We’re including information on each recommended used electric car’s range and energy efficiency, as well as estimated values for each model year. These figures come from Kelley Blue Book and represent what a dealer would ask for a base model with average miles and in good condition or better (the actual out-the-door transaction price can usually be negotiated lower). We chose the San Francisco market as a reference because of its higher-than-average percentage of electric car ownership. As with all other types of used cars, prices will vary from one area to another based on local supply and demand. Check online sources for local pricing and availability.
And as with any type of vehicle, be sure to give a used electric car a thorough test drive to ensure it’s to your liking and that all accessories are in working order. Be sure to check the vehicle’s state-of-charge indicator before you hit the road to see how many miles the battery can still support on a full charge. Shorter-range EVs that have been subjected to aggressive charge and discharge cycles tend to be more prone to degradation than longer-range models that rarely come close to being fully discharged. On the plus side, EV batteries are covered under warranty for at least 8 years/100,000 miles and that transfers automatically to a subsequent owner.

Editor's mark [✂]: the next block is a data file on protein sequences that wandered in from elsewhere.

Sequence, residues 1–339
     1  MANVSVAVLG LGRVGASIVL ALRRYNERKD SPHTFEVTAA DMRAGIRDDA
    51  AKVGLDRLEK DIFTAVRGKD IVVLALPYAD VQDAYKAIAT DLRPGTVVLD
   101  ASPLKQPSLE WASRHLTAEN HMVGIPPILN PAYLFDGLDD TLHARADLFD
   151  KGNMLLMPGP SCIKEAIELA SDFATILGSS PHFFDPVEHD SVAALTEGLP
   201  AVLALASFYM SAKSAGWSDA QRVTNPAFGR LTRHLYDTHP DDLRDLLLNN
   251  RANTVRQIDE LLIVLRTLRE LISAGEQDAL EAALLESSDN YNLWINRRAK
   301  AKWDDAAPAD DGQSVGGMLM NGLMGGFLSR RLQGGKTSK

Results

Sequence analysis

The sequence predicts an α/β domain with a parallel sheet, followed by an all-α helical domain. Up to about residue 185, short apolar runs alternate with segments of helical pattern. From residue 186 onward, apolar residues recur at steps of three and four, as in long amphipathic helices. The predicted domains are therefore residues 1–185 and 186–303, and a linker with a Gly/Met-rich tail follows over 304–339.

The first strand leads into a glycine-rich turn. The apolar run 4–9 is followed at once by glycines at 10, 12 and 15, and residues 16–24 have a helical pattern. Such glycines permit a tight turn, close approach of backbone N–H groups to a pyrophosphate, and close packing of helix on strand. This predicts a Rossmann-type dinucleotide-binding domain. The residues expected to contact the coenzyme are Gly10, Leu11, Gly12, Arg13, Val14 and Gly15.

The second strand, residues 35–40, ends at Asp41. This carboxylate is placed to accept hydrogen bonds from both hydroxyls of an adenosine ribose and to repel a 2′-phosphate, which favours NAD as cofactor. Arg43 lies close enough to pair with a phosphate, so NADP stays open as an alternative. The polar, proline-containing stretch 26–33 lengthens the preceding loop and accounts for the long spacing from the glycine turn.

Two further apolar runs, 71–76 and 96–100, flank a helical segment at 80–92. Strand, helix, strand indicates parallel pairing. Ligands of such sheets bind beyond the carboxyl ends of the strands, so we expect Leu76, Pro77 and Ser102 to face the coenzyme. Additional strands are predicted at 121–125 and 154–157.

The BMW i3 is a rather futuristic (some might say eccentric) looking compact electric car with lively acceleration and athletic BMW-like handling. Aggressive regenerative braking affords “one pedal” operation. It debuted for the 2014 model year with nationwide availability and an 81-mile range on a charge (it’s been since bumped up to 113 miles). It gets the electric equivalent (MPGe) of 137/111 mpg in city/highway driving. There’s also a version that comes with a small gasoline engine that extends it to a combined gas/electric range of 150 miles. Level 3 DC Fast Charging was optional on the 2014 i3 and became standard thereafter.
Typical dealer list price for a 2014 model: $14,511; 2015: $16,294; 2016: $18,900.
The compact Ford Focus Electric dates back to the 2012 model year and was available nationwide. It looks nearly identical to a gas-powered Focus, but feels livelier given its torque-happy electric motor and low center of gravity. Unfortunately, while it carries the lowest listing prices among our picks, it’s also the lowest-range model at an estimated 76 miles on a charge. It got an increase to 115 miles for 2017, with Level 3 Charging capability added, but the Focus was discontinued at the end of the 2018 model year. It’s EPA-rated at 110/99 MPGe.